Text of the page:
Breastfeeding is one of the best things you can do for your child, but that doesn’t mean it comes naturally perfect to every new mom. There’s a learning curve, and it can take time for you and your baby to get the hang of it. The good news is, with the proper preparation and support, you’ve got this.
In this article, we will share an overview of lactation, the benefits of breastfeeding for you and your baby, common challenges, and the role of an occupational therapist.
Breastfeeding is a natural way to give your baby the nutrients they need to grow and develop. Breastfeeding relies on a biological process known as lactation. When a baby sucks on your nipple, it triggers your body to release oxytocin, the “love hormone.” Oxytocin causes small muscles in your breast to squeeze milk out of milk glands and push it into your milk ducts. The sucking motion also pulls the milk from the ducts into your baby’s mouth.
Your milk supply depends on your baby’s feeding demands. The more they nurse, the more milk is produced. Missing or skipping feedings can decrease your supply while increasing feedings boost production. The first few weeks of breastfeeding are critical for establishing a good milk supply. Try to nurse your baby 8-12 times per day. The milk your body makes changes to meet your baby’s needs. Colostrum, the first milk, is thick, yellow, and rich in antibodies to protect your new born. After a few days, colostrum transitions to mature breast milk. This milk contains water, lactose, fat, protein, and nutrients for growth. As your baby develops, the levels of fat and lactose increase while protein decreases.
It’s normal for your nipples to be a little tender at first. Ensure your baby has a proper latch, and try different positions to relieve pressure.
Apply a little breast milk or lanolin cream for relief and healing.
The key is making sure your baby is nursing efficiently and often enough. Try power pumping (pumping for 10 minutes, resting 10 minutes, repeat 3-4 times), nursing on demand rather than a schedule, and avoid pacifiers or bottles, which can lead to “nipple confusion.” Herbs like fenugreek or milk thistle, along with lactation cookies or teas, may help boost supply.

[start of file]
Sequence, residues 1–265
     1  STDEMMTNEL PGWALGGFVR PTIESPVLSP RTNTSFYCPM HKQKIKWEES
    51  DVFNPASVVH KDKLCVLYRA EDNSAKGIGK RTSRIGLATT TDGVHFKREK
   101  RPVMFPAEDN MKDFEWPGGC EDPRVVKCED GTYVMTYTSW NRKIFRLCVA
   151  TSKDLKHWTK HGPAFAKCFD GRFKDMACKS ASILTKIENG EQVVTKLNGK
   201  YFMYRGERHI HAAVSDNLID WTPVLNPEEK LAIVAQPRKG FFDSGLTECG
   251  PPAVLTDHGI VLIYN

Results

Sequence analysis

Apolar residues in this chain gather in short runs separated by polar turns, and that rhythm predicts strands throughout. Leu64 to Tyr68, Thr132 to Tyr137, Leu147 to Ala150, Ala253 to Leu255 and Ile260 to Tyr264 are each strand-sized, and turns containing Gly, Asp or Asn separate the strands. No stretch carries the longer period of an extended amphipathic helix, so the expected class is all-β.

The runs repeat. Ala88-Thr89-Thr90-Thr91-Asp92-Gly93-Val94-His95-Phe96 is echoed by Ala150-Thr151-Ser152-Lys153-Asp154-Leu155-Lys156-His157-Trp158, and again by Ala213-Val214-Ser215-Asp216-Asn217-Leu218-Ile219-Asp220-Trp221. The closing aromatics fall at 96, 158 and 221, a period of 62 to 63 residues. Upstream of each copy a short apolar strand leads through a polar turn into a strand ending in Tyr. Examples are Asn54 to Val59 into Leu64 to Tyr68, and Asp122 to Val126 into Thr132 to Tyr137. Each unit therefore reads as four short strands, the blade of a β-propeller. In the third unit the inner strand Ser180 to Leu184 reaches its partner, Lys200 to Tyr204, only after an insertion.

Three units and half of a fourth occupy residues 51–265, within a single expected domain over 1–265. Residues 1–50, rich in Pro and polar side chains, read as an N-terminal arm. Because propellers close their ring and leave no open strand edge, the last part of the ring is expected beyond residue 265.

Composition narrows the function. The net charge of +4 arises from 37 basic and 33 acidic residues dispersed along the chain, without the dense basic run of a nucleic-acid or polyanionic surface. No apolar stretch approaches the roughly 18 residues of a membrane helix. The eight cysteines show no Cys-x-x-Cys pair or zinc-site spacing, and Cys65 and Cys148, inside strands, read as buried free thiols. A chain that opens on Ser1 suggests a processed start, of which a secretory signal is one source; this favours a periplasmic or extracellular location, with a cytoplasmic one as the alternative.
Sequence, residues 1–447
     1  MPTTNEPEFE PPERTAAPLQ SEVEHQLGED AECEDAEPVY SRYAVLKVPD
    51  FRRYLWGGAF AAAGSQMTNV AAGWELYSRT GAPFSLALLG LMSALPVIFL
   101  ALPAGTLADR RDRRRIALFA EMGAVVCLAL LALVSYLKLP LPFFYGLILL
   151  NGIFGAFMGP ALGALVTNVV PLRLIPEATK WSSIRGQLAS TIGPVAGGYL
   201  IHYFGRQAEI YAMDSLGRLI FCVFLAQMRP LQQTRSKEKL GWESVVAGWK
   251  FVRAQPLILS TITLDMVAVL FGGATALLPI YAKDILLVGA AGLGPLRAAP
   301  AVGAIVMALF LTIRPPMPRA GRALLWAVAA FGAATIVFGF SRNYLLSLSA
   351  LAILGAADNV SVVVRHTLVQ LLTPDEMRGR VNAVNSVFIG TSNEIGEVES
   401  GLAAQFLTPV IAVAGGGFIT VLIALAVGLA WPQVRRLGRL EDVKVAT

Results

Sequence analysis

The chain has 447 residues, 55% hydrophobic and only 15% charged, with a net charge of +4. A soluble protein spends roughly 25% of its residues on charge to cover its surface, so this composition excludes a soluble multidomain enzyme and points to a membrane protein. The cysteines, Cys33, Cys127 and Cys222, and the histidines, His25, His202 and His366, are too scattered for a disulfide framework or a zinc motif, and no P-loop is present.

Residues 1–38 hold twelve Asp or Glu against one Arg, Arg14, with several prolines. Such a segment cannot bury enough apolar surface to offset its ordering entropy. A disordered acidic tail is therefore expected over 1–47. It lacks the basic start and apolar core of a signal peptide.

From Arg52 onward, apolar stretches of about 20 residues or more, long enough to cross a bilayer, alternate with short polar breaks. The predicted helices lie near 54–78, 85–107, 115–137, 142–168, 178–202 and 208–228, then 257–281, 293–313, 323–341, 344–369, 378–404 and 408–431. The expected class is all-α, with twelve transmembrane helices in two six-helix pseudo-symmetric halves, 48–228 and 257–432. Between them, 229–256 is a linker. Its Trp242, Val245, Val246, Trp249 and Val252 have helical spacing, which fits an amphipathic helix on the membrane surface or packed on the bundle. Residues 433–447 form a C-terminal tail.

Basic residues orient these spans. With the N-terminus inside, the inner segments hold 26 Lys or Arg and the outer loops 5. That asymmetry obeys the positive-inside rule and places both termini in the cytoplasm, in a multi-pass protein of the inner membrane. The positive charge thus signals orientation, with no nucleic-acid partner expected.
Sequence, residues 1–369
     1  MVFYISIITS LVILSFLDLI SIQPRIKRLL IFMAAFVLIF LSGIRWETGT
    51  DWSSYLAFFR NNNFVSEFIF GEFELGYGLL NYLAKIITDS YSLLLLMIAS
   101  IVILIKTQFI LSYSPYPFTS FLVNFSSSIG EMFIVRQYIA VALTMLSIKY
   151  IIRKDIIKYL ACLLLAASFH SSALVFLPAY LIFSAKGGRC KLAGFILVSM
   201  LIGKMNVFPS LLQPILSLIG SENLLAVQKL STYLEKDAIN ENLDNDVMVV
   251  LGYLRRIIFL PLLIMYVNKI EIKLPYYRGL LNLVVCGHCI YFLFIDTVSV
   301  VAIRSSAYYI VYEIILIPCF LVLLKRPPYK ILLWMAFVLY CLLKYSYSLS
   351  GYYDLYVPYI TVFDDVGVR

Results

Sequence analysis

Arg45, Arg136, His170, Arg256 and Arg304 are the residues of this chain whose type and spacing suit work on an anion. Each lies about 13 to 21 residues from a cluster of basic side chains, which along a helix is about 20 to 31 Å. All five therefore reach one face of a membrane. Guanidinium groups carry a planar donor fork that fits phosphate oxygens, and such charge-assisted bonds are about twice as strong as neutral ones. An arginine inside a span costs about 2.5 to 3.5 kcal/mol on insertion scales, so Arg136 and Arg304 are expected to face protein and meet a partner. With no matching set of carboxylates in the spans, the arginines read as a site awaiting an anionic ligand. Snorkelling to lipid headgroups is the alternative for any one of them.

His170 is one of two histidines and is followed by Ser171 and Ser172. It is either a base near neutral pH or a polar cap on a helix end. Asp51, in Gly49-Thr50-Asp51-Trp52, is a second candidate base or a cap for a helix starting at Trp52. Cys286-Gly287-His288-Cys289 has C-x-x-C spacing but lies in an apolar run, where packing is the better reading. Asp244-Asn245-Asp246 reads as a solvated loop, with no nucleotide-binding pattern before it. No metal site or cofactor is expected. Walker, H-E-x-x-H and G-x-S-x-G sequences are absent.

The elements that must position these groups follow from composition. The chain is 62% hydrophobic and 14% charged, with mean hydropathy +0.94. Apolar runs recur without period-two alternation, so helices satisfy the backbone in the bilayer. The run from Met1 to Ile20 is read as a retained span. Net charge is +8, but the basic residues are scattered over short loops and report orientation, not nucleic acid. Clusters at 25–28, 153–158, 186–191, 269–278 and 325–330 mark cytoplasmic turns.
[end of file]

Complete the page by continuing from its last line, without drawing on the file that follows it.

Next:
An overabundant milk supply may lead to a strong let-down, gas, or green stools in your baby. Try nursing on one side per feeding, block feeding, where you only offer one breast for a few hours, or hand express a little milk before nursing to relieve pressure.
Your breasts may become swollen, stiff, and painful when your milk comes in for the first time. Apply warm compresses, massage, and hand express a little milk for comfort before nursing. Nurse your baby frequently to relieve engorgement; the more you nurse, the more your supply will regulate.
A clogged or blocked milk duct feels like a tender lump. Apply heat, massage the area, and nurse frequently with the baby’s chin pointed toward the clog. Try different positions, as draining the breast fully is vital. See a doctor if you have a fever or symptoms of infection. Most clogs will clear within 12-24 hours with diligent nursing and expression.
Occupational therapists play an instrumental role in helping new mothers successfully breastfeed. They are trained to evaluate how a baby latches on and feeds at the breast and assess a mother’s posture, positioning, and technique. Some of the ways an OT can provide support include:
Breastfeeding, as crucial as it is, can be overwhelming for a new mother; however, when we know its benefits and how best to go about it, we shall have happy mothers and happy babies. Feel free to ask your doctor or a lactation consultant for help if you have questions or concerns.